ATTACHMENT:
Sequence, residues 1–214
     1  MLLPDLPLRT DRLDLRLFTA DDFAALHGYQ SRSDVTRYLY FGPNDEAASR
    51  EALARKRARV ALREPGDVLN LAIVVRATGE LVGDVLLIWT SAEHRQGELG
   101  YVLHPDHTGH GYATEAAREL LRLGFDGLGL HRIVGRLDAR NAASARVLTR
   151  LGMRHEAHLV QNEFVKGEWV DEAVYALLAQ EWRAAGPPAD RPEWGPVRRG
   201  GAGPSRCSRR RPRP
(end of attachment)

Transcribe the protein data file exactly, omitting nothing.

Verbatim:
Sequence, residues 1–214
     1  MLLPDLPLRT DRLDLRLFTA DDFAALHGYQ SRSDVTRYLY FGPNDEAASR
    51  EALARKRARV ALREPGDVLN LAIVVRATGE LVGDVLLIWT SAEHRQGELG
   101  YVLHPDHTGH GYATEAAREL LRLGFDGLGL HRIVGRLDAR NAASARVLTR
   151  LGMRHEAHLV QNEFVKGEWV DEAVYALLAQ EWRAAGPPAD RPEWGPVRRG
   201  GAGPSRCSRR RPRP